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I have a problem, user inputs number m (meaning matrix has m-rows, m-columns), then the matrix is read from stdin. I want to transpose the matrix and then output the matrix back on the screen in the same format.
for example:

Main> main
3
1 2 3
4 5 6
7 8 9

1 4 7
2 5 8
3 6 9

Anyway, I got somewhere in the middle, but i dont know how to parse the [[Int]] back to IO, so it can be print on the screen.

here is my code:

import Control.Monad (replicateM)

transpose :: [[a]]->[[a]]
transpose ([]:_) = []
transpose x = (map head x) : transpose (map tail x)

readMany :: Read a => IO [a]
readMany = fmap (map read . words) getLine

parse :: IO ([[Int]])
parse = do
        [m] <- readMany
        xss <- replicateM m readMany
        let matrix = transpose xss
        return (matrix)

main :: IO ()
main = do     
          parse
          ??    --
          print ??
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2 Answers

up vote 2 down vote accepted

First, you have to extract the value you parse:

main :: IO ()
main = do
  matrix <- parse
  ...
  print ???

Now, what's the type of print?

print :: (Show a) => a -> IO ()

Well, [[Int]] is an instance of Show, so we can treat print as a specialisation of its type:

print :: [[Int]] -> IO ()

So, in fact, it's as simple as filling in the list we want to print in place of the ???:

main :: IO ()
main = do
  matrix <- parse
  print matrix

However, this prints the data out in the same way that GHCi does. If you want to print the data out in a custom format, you want:

putStr :: String -> IO ()

Let's say you write a function to format the matrix the way you want into a string:

formatMatrix :: [[Int]] -> String

This makes the complete program:

main :: IO ()
main = do
  matrix <- parse
  putStr (formatMatrix matrix)

The difference between foo <- bar and let foo = bar is that the former extracts the result of an IO computation, while the latter just gives a name to a value.

So basically, the answer is that you don't need to put anything into IO to do this, since all the functions that create IO actions to do things like print strings out take pure values. This doesn't make them limited to printing the results of completely pure computations, however, since you can extract values from previous IO computations, and then feed them in to the printing functions as pure values. (In fact, this is the essence of monads, and why Haskell uses them to model IO in the first place!)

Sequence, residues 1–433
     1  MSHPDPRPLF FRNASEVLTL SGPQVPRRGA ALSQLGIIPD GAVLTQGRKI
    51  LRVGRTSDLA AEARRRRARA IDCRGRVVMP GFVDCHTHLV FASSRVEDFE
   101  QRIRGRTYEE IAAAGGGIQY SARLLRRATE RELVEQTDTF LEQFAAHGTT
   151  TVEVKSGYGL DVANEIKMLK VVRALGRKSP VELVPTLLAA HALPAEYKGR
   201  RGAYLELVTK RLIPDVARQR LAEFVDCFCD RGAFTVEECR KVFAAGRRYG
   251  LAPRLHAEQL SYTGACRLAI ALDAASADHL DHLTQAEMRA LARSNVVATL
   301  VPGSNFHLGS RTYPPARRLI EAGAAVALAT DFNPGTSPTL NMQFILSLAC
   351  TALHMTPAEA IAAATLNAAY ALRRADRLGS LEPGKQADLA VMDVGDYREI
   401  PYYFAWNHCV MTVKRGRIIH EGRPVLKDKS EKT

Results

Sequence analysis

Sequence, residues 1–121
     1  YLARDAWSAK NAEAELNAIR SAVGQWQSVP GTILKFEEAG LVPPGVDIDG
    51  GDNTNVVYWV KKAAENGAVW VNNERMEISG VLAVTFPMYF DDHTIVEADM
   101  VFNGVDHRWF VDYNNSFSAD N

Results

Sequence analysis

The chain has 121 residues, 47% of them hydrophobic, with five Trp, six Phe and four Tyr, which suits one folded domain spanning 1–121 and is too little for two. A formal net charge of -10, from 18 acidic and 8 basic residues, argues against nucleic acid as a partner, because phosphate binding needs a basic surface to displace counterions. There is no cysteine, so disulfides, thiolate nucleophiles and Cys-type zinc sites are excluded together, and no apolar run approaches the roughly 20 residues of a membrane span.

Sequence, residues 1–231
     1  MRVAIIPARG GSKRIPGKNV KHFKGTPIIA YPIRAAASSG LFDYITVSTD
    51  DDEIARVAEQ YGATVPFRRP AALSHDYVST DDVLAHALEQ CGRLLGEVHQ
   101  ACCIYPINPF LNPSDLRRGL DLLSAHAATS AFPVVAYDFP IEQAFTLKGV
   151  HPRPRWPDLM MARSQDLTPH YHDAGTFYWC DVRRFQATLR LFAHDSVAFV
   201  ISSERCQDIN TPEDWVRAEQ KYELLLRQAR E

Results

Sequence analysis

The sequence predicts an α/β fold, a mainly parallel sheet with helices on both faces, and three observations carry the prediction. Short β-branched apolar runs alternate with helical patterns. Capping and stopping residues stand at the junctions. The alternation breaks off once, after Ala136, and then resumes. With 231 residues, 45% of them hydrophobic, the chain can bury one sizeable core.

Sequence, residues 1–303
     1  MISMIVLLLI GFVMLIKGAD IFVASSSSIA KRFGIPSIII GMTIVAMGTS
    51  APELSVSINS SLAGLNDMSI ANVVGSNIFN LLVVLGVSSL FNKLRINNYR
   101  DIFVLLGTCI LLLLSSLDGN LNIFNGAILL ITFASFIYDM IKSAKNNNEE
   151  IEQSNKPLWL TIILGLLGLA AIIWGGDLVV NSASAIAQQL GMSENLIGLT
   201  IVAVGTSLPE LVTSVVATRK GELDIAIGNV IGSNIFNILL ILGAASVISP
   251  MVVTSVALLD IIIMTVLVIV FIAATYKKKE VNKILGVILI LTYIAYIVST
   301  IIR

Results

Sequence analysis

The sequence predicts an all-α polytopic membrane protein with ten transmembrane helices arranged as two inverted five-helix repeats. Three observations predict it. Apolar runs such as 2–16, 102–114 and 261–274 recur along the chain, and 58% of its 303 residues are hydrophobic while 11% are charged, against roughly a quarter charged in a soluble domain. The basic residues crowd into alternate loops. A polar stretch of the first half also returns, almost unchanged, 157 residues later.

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thanks it works, im trying to figure out the formatMatrix function formatMatrix :: [[Int]] -> String, I would use show :: Show a => a -> String and something like this formatMatrix x = map show x . Are my ideas correct? –  Adams Dec 21 '11 at 15:09
    
Adams: Well, map show will turn an [Int] into a [String], where each String is the decimal representation of the integer. unwords will turn a [String] into a String, separating each element with a space. And unlines will turn a [String] into a String, separating each element with a line break. Those should help you define formatMatrix; if you need more help, it's probably best to ask another question :) –  ehird Dec 21 '11 at 15:12
    
Ah, just saw your edited comment. map show x will produce a [String], since you're applying show to each [Int] element, producing a list of Strings. map (map show) should be your starting point. –  ehird Dec 21 '11 at 15:13
    
Unfortunately, I'm not sure why that would happen. I recommend posting it as a new question so that somebody else can have a look. –  ehird Dec 21 '11 at 16:29
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It is entirely possible to do exactly what you ask for, but sometimes it is just a little bit easier to make the string and then print it. In this case it is in fact very easy. All you need to know are the two functions words and lines, and their inverse unwords and unlines.

Here is a possible solution to your problem (note that I don't check that the inputs are integers and that I use the transpose from Data.List)

import Data.List
import Control.Monad

main = do
  n <- liftM read getLine
  xs <- replicateM n getLine
  putStrLn (unlines . map unwords . transpose . map words $ xs)

since replicateM n getLine gives us a list of lines, what lines would have done to the entire input, we are just sandwiching transpose in between map words . lines and its inverse.

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